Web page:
His third novel, and his most famous, was Only Lovers Left Alive, published in 1964.[2][3] It is an eerily dystopian novel which asks the reader to imagine Britain taken over by teenagers. All the adults have done away with themselves by taking 'Easiway' suicide pills. The world immediately begins to crumble and shortage of all kinds leads to warfare. This updated echo of Lord of the Flies by William Golding is presented by Wallis in contemporary slang and a notably vivid, if dark, style. The new fiction reviewer in The Times said that the "anti-social helmeted figures on the motorcycles, riding on their quests to plunder and attacking one another's strongholds, one of which is Windsor Castle, have a quality oddly like Malory's, and Mr. Wallis obviously enjoys drawing the parallel between his youngsters thrown on their own resources, learning how to live in the ruins of the sophisticated adult world, and the story of mankind settling down in the west after the barbarian invasions of the dark ages." The British first edition of the novel, published by Anthony Blond, has an era-defining, evocative staged wraparound jacket photograph by Bruce Fleming. In 1966 it was announced that The Rolling Stones would make their film debuts in a motion picture of the novel to be directed by Nicholas Ray and produced by Allen Klein and Andrew Loog Oldham. The film was never made.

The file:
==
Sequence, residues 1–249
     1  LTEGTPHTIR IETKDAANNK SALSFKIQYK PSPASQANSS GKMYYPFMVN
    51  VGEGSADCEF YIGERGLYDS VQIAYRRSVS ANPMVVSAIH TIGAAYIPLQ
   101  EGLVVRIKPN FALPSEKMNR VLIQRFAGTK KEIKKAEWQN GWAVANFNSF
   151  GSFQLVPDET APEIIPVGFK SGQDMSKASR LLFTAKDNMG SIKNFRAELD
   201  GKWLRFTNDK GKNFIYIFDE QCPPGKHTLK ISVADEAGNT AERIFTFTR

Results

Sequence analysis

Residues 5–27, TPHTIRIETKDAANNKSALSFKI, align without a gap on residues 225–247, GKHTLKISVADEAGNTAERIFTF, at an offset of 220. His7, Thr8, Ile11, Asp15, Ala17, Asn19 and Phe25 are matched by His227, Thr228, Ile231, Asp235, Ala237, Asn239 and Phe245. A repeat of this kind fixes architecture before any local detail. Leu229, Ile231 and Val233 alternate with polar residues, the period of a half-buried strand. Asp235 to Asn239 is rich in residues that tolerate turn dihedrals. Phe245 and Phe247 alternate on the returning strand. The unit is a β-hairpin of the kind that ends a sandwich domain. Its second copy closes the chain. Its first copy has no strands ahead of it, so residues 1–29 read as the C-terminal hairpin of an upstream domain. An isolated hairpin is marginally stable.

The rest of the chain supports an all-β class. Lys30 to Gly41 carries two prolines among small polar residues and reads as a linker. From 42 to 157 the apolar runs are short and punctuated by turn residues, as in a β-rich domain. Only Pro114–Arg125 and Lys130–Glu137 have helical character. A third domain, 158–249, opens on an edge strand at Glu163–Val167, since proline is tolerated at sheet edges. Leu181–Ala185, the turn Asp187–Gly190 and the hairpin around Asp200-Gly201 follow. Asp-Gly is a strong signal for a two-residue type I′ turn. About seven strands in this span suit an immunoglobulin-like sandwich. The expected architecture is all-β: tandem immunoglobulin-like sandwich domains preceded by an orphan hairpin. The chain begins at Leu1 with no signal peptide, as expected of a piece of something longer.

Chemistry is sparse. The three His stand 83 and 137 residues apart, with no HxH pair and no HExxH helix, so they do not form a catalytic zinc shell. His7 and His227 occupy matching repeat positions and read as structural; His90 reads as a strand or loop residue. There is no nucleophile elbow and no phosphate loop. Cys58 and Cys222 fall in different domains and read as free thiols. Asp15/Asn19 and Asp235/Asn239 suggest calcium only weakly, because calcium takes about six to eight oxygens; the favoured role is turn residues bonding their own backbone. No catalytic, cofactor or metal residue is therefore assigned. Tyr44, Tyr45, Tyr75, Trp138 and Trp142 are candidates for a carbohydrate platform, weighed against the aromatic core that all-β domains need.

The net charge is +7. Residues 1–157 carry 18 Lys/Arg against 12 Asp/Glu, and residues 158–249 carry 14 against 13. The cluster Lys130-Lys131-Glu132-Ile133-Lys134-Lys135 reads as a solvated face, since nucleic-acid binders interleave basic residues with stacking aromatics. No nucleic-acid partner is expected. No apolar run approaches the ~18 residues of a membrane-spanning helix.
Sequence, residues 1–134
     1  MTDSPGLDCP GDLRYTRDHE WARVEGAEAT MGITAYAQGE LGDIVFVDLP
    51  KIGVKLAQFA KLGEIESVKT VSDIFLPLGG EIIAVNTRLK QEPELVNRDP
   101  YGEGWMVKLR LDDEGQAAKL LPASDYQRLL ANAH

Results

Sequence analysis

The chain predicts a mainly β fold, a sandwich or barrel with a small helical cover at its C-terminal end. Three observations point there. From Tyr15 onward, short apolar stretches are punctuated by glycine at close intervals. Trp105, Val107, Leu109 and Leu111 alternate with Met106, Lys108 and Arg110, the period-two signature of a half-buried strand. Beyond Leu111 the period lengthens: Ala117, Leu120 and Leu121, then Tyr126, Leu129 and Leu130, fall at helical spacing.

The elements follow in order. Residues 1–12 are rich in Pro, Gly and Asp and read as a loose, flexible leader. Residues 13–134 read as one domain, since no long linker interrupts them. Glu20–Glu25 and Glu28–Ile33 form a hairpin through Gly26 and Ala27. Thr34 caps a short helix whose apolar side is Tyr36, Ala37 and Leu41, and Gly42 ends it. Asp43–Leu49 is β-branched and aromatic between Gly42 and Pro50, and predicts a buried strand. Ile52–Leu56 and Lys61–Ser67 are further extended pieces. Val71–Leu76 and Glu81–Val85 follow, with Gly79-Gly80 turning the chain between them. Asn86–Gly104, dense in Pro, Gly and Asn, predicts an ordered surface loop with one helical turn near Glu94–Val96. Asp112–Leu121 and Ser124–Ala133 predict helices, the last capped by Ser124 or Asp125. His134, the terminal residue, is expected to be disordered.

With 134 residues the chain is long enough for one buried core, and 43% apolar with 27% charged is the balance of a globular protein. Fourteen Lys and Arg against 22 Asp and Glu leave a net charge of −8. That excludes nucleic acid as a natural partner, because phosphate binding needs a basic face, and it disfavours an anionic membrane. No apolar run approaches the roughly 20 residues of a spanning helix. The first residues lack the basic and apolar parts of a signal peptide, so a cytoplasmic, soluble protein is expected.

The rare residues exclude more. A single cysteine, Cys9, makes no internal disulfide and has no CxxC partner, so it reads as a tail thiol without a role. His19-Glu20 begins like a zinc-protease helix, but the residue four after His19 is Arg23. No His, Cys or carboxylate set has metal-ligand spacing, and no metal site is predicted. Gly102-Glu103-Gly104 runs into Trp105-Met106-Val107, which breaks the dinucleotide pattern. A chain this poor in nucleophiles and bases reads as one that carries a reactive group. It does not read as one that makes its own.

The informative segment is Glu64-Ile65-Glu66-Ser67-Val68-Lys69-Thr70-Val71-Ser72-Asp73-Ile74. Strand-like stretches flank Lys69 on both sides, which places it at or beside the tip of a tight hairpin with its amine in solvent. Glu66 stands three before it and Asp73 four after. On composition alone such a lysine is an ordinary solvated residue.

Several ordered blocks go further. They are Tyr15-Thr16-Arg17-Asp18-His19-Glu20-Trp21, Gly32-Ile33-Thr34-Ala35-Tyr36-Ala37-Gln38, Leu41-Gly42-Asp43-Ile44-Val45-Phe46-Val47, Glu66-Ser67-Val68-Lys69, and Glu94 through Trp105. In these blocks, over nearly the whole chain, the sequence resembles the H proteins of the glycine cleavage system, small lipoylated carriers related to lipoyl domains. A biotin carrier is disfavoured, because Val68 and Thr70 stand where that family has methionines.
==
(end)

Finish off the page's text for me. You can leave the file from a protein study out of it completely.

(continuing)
His last novel, published in 1971, was The Bad Luck Girl. The main character, Celestine, escapes from a remand home at the age of sixteen, and contrives to get herself smuggled aboard a small freighter bound for a South American island by the lustful crew. The story echoes maritime folklore in its fulfilment of an ancient seagoing superstition – a woman aboard ship is bad luck. Wallis pictures Celestine, in all her co-operative but ruthless manipulation, as the selfish sailors' secret nemesis.

Final years[edit]

After a spell in north London in the 1960s, Wallis worked as a teacher at Earls Colne Grammar School, teaching English and French from 1971 until its closure in 1975. He died in 1990.



  1. ^ "Julian Putkowski interviews Dave Wallis". Revolutionary History, Vol. 8 No. 2. Summer 2002.
  2. ^ David Simonelli -Working Class Heroes: Rock Music and British Society in the 1960s ... 2012– p94 "Even the Rolling Stones entertained film scripts and at one point were scheduled to play parts in an adaptation of the Dave Wallis novel, Only Lovers Left Alive (1964).33 None of these efforts was particularly successful critically—it would not ..."
  3. ^ Billboard – 1966 5 21 p40 "LOS. ANGELES. "Only Lovers Left Along," a novel by English author Dave Wallis, will be used as the screenplay for the movie debut of the Rolling Stones. The group will receive a reported $1 million from British Decca for their movie venture."